Last year, seven non-profits got what they asked for. The rest had to make to with less. "You have to harden your hearts, people," Freeman said, smiling. But the fact remains that deciding which of so many worthy efforts gets less money is a time-consuming, and often emotional, matter. The decisions made this week and next will take effect in September, and will directly impact some of the neediest families in our region.
On Monday afternoon, the first agency to come before the panel was the Oxford Area Neighborhood Services Center, which began in 1971 and has a long history in the region. Executive director Cheryl McConnell, along with two case managers and board members, sat at one table, facing the group of panelists.
The Services Center is a kind of community center, with several agencies under one roof, McConnell explained. They connect people in need with social services, some of which are located outside the area. They also deal with immediate needs of those in crisis, offering food, shelter and clothing, as well as health care connections. The staff is bilingual.
"We're the only agency in the Oxford area that provides these services," McConnell said. When a family comes to them, she explained, Neighborhood Services will, if they can, pay a landlord for past-due rent, or pay for crucial heating oil. Money never goes directly to the family who is asking for support. Applicants are carefully screened, incomes are checked, and case workers personally box up any requested food, using the opportunity to talk to the family and see what other services they might need.
Recently, the agency has helped a family whose budget was threatened by an unexpected illness, a family displaced by a fire, workers who have had their hours cut, and a senior citizen on a fixed income who could not afford extra heating oil for the brutally cold winter. There are people coping with unemployment, grandparents raising young children, servicemen and women returning to civilian life, or ex-prisoners looking for a way to fit back into society.
Factors working against the agency include the lack of jobs in the Oxford area, the lack of reliable public transportation, and an increase in those seeking help. "Of the families who asked for help last year, 34 percent were new to the program," McConnell said. Typically, each family will get about $500 in support to get them over whatever crisis they are experiencing.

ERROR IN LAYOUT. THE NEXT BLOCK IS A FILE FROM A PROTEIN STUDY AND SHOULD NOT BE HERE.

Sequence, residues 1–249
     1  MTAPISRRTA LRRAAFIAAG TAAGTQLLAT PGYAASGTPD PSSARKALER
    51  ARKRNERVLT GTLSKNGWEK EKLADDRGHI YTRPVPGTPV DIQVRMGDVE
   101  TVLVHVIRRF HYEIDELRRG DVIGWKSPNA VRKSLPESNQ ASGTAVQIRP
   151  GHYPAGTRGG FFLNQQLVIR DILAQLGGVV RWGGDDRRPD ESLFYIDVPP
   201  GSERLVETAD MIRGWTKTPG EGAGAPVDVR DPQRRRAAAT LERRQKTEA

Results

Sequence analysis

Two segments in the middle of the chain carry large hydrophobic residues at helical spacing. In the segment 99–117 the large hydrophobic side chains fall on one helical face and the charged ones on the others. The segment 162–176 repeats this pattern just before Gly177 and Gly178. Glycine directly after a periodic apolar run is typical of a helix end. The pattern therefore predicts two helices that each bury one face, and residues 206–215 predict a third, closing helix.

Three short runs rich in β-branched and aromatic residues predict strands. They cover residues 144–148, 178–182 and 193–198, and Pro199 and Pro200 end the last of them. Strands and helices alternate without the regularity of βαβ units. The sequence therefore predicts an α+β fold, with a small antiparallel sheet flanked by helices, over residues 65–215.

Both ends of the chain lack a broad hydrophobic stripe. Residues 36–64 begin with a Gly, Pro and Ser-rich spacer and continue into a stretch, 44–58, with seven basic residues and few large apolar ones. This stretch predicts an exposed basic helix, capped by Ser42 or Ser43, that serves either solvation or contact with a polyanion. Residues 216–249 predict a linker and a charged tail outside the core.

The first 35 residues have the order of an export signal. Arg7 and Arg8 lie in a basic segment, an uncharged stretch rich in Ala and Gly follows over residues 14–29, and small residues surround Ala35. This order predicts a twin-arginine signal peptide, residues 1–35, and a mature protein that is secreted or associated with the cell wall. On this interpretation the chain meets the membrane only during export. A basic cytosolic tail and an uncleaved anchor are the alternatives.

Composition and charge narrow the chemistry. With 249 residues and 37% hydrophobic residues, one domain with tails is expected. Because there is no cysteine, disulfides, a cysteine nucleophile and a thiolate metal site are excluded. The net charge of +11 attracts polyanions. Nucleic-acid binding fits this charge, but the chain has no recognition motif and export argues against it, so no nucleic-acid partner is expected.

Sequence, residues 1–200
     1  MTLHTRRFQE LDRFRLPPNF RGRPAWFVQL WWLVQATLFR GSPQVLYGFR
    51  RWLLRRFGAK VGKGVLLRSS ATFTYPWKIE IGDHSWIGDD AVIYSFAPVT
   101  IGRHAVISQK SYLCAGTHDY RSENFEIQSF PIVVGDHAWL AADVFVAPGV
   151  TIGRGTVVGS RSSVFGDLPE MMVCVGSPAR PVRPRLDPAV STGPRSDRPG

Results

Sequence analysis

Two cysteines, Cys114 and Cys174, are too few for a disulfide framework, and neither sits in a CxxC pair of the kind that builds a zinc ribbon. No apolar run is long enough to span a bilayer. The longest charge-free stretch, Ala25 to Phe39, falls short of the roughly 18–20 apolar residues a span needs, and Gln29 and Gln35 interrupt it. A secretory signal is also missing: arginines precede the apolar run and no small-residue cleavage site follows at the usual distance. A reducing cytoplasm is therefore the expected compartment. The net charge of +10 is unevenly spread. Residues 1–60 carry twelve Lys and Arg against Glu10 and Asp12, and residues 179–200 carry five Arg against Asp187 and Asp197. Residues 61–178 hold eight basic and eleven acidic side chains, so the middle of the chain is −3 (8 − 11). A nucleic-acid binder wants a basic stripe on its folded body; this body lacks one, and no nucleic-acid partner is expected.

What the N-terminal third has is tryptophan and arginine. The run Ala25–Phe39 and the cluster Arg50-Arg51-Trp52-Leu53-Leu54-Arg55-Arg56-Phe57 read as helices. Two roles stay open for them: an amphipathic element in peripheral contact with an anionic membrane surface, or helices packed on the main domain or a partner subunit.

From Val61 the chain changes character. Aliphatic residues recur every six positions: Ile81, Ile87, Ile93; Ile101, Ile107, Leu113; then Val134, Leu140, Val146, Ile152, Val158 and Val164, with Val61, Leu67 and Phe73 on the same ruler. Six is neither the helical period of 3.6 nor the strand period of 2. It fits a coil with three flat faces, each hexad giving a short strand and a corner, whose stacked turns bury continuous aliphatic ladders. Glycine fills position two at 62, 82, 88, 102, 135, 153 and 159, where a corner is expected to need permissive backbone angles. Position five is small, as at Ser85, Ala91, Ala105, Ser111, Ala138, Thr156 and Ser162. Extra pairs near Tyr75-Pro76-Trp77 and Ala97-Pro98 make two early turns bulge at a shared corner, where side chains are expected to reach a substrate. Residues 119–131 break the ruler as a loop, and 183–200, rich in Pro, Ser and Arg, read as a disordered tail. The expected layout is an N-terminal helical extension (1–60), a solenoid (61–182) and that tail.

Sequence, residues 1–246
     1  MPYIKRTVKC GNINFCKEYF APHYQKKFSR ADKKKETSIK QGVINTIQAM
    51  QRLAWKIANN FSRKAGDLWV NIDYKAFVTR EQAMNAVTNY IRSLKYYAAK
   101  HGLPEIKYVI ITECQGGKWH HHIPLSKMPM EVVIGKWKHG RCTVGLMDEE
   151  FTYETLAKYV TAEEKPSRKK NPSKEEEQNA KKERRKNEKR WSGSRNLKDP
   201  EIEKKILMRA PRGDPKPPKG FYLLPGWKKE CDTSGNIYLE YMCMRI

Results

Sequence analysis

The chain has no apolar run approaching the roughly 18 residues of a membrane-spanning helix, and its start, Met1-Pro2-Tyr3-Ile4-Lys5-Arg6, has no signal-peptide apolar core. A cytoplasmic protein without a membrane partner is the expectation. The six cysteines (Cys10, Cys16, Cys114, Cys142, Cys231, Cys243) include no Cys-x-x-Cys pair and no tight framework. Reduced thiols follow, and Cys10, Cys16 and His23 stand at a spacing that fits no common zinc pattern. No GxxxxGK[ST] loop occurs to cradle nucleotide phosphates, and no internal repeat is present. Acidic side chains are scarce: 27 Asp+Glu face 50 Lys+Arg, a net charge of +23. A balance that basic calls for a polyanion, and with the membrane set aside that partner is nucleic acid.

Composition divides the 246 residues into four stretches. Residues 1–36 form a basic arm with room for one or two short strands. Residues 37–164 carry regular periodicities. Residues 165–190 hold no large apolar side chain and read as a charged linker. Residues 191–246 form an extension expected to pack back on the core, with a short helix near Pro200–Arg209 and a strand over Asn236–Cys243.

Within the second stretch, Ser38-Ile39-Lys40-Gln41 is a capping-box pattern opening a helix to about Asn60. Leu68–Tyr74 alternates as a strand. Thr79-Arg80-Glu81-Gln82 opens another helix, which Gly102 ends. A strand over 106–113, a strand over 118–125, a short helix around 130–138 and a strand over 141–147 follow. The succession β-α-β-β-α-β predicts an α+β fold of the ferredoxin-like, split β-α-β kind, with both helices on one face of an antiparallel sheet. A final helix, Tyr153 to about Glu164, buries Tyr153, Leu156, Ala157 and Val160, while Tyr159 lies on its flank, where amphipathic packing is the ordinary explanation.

"Without the United Way's help, we could not do all the things we do," she said.
"Without the United Way's help, we could not do all the things we do," she said.
Panelists thoughtfully questioned McConnell and other representatives of the agency, getting down to a line-by-line study of income, costs and staffing levels. The dialogue was timed to exactly 20 minutes, after which the agency representatives left the room and the panelists talked amongst themselves.
From the 14 voting panelists in the room, Freeman eventually asked for recommendations of how much money should be allotted. By a show of hands, a maximum level was agreed upon. Then a lower figure was solicited -- the minimum amount the panel would recommend. While the exact questions and the dollar amounts are not made public at this point, everything will be revealed in May, after the United Way board formally votes.
"I usually tell the agencies themselves after April 27, because they are all dying to know," Freeman said, "but the final figures won't be announced publically until May."
The process of allocating money may be carefully planned, but the fact that the scale of the financial help is entirely decided by members of the community is unique to Southern Chester County. It was clear from the debate among the panelists on Monday that everyone in the room wanted to help as much as they could.
Later this week, other groups will face the same deliberations, and anxiously await the verdicts. The process of giving, so that others can give, will continue.
For more information, visit www.unitedwayscc.org.
To contact Staff Writer John Chambless, e-mail firstname.lastname@example.org.